By Dr Florance Ebrahimi
In a major assault on the Afghan security forces Taliban killed, wounded or kidnapped at least 33 soldiers of the Afghan National Army (ANA) in Jurm district of north-eastern Badakhshan province. Northern Province of Badakhshan has been relatively peaceful as compared to other unstable and war torn areas of the country. So this attack on Afghan army was shocking to our countrymen. The sudden eruption of violence in northern Badakhshan Province is an early indication of what could lie ahead for the Afghan military, which has lost not only soldiers but also armoured vehicles and weapons to the insurgents in the last week of fighting. For years, Badakhshan was considered one of the safest and most peaceful parts of Afghanistan. But it has recently emerged as an unexpected locus of the war. There may be several reasons for that, including the presence of lapis lazuli mines that have at times been a focal point of fighting. The remote province’s mountainous terrain and limited road network have made it difficult for the Afghan military to respond quickly to Taliban attacks. But it should be an eye opener for our sleeping government which is dreaming to have a peace talks with the Taliban and making them concessions. On the other hand insurgents are taking their fight to the new and peaceful areas.
Afghan government is failing on every battle fronts being it north or south. The military’s operation in northern Helmand, called Zulfiqar, has been a struggle for Afghan forces for more than two months. In the face of public statements proclaiming the mission a success, locals tell stories of soldiers refusing to fight or bulldozing homes. Government forces, particularly the police, have suffered heavy casualties. Our policy makers even don’t understand one simple rule of negotiations that for negotiating on your terms you have to be in strong position. And day by day Afghan government position in the battleground is weakened by the Taliban. Since 2002, the United States has poured at least $65 billion into building up, training and equipping Afghan National Security Forces so they could stand up against insurgents once U.S. soldiers and their allies returned home. However, more than a decade later, that plan, along with the Afghan National Security Forces, seems to be slowly falling apart. Mr Ghani’s meetings with his US counterpart were part of a five-day visit to the US but he has returned with vanished hope. He could not satisfy the Obama administration. As a result of it Mr Ghani only got $800 million as a shallow tip, which is not sufficient to feed his country’s army.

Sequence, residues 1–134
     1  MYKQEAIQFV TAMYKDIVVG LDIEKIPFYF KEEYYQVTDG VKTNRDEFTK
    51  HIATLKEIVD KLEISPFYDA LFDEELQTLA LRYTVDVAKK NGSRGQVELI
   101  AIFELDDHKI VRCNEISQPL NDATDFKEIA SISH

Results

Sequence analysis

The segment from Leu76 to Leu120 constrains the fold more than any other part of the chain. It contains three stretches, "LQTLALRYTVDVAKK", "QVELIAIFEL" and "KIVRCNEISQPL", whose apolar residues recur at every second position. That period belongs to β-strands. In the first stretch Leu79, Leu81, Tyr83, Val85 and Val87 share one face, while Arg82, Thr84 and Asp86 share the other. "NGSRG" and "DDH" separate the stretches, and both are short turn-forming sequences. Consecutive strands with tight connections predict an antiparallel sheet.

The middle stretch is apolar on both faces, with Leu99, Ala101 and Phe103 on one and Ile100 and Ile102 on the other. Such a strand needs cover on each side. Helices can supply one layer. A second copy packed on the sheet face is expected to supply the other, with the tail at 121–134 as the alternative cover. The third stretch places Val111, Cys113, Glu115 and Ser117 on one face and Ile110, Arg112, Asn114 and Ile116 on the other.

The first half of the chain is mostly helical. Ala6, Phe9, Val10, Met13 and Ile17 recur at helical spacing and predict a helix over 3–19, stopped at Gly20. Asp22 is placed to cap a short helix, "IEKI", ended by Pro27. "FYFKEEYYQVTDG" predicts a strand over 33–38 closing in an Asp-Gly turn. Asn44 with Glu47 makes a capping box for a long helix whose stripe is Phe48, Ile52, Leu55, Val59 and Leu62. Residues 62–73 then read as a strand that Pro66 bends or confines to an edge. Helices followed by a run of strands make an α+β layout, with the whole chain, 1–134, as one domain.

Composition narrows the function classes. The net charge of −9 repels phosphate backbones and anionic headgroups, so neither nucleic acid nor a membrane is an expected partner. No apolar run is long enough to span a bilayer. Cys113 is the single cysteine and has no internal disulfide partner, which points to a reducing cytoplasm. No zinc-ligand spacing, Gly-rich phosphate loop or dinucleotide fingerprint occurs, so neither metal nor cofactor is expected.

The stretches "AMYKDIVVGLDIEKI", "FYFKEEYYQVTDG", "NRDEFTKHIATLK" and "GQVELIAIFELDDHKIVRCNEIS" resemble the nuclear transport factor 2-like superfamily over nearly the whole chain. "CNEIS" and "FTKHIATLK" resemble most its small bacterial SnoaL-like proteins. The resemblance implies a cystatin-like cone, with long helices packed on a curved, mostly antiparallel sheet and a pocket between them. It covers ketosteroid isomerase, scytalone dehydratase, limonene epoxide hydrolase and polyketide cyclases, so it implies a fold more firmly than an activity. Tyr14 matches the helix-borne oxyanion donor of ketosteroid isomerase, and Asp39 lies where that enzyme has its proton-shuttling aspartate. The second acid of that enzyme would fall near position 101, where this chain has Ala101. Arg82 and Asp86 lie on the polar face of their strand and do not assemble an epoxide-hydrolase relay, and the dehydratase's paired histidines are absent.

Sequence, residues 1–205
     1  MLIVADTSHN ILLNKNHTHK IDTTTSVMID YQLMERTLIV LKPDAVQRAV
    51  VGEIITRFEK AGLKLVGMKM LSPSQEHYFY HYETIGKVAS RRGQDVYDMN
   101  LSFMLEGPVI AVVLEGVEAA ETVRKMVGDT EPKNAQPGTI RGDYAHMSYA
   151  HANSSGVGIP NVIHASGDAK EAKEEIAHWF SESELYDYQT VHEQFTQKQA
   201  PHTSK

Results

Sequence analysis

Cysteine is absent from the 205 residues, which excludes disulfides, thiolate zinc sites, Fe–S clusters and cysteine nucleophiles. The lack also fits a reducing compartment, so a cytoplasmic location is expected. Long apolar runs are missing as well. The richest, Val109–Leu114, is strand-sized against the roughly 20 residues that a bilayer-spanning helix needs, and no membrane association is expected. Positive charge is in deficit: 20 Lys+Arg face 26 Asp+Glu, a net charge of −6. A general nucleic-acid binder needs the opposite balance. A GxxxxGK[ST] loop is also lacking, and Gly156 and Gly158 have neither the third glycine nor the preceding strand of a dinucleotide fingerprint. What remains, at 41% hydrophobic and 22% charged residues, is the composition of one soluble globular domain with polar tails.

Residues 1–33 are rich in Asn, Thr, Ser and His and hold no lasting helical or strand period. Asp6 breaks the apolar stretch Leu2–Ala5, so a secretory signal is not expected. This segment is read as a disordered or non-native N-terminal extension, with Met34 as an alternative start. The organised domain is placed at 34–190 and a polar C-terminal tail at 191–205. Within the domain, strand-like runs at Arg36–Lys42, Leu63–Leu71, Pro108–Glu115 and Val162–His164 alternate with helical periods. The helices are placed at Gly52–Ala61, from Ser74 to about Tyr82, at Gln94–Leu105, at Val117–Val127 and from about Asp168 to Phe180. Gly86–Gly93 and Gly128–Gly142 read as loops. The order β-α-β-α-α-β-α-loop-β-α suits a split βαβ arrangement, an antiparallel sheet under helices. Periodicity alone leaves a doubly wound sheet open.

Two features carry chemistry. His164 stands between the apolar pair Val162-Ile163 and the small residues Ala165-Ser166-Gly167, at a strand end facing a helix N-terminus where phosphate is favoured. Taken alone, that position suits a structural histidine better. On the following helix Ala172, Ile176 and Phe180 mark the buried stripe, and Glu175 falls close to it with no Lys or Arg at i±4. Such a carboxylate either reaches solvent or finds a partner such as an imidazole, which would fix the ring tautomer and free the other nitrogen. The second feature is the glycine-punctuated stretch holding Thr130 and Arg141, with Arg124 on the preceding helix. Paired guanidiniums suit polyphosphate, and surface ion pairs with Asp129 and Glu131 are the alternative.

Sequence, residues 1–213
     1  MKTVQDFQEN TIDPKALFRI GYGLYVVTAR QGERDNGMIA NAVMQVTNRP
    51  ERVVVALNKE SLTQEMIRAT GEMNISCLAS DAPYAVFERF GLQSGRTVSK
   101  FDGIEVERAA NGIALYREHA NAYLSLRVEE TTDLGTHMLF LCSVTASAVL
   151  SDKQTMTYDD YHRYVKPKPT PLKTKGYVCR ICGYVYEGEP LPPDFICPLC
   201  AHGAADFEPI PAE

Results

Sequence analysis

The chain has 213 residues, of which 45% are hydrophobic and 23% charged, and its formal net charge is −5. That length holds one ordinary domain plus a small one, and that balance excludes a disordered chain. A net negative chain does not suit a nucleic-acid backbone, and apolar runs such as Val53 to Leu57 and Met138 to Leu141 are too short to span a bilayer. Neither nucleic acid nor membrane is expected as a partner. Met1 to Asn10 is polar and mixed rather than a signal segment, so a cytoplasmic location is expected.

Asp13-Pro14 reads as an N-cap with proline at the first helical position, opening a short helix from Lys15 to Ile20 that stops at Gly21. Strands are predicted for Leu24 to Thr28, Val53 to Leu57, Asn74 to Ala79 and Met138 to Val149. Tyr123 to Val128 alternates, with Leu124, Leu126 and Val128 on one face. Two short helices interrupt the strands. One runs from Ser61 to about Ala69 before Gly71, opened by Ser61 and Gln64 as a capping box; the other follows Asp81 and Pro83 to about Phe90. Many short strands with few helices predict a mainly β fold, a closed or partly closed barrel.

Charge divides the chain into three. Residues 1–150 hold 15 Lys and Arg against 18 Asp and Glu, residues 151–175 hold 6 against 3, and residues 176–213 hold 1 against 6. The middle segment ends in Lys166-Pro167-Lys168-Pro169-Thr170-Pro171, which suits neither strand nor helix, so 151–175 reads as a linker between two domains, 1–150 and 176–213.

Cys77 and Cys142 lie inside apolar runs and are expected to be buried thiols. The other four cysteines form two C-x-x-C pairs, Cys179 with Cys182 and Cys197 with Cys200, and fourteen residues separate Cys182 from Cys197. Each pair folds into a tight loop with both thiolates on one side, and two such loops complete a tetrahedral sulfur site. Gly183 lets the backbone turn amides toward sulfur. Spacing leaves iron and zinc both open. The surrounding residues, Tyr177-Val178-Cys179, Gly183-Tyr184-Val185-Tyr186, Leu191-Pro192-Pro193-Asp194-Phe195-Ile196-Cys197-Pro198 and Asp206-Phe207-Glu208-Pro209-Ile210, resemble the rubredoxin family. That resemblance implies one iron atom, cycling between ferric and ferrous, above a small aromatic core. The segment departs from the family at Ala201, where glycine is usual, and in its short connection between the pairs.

Our leaders should first pay attention towards the weakness of the Afghan security forces and try to rectify them as soon as possible. Let’s have a look towards major problems faced by our forces the number of Afghan security forces fell sharply in 2014 and 2015 due to the high rate of desertion. Attrition continues to be a major challenge for the Afghan army. Ineffective logistics, close air support and better leadership are other challenges faced by the forces. The condition of Air Force is even worst. The fledgling Afghan Air Force is scrambling to provide even basic support. Afghanistan’s armed forces are so short of combat-ready aircraft that, late last year, they began fitting machine guns and rockets to Russian-made Mi-17 transport helicopters, dubbed “flying tractors”, to bolster their air power. Currently NATO is training and advising some 390 Afghan pilots, most with no tactical combat experience, and a limited number of planes and helicopters have been promised to bolster an air force of around 140 aircraft, mostly transport helicopters. Most of the 20 Italian-made G222 transport planes the U.S. bought for $486 million were sold for scrap metal after being grounded because Afghans could not maintain them. Untested younger pilots will have to learn quickly how to coordinate with ground troops, fly in formation, discern enemy fighters from Afghan forces and avoid killing civilians.
The failure by President Ashraf Ghani’s administration to name a permanent defence minister has created turmoil among the Afghan military’s leadership. That, combined with the shrinking role of U.S. and coalition forces in the country, has caused serious capability gaps in the government’s security forces that Taliban and other groups will use to their advantage. Our leaders should pay more attention towards building Afghan security forces more strong and combat ready so, that they can defend the country and the people. Rather than living like-Alice in wonderland in false hope of peace with the Taliban who are bleeding us on everyday basis. Government should deal the Taliban mess with the iron wrist rather pleading for peace and reconciliation.
(Author is an Afghan doctor currently living in Sydney, Australia can be reached at firstname.lastname@example.org)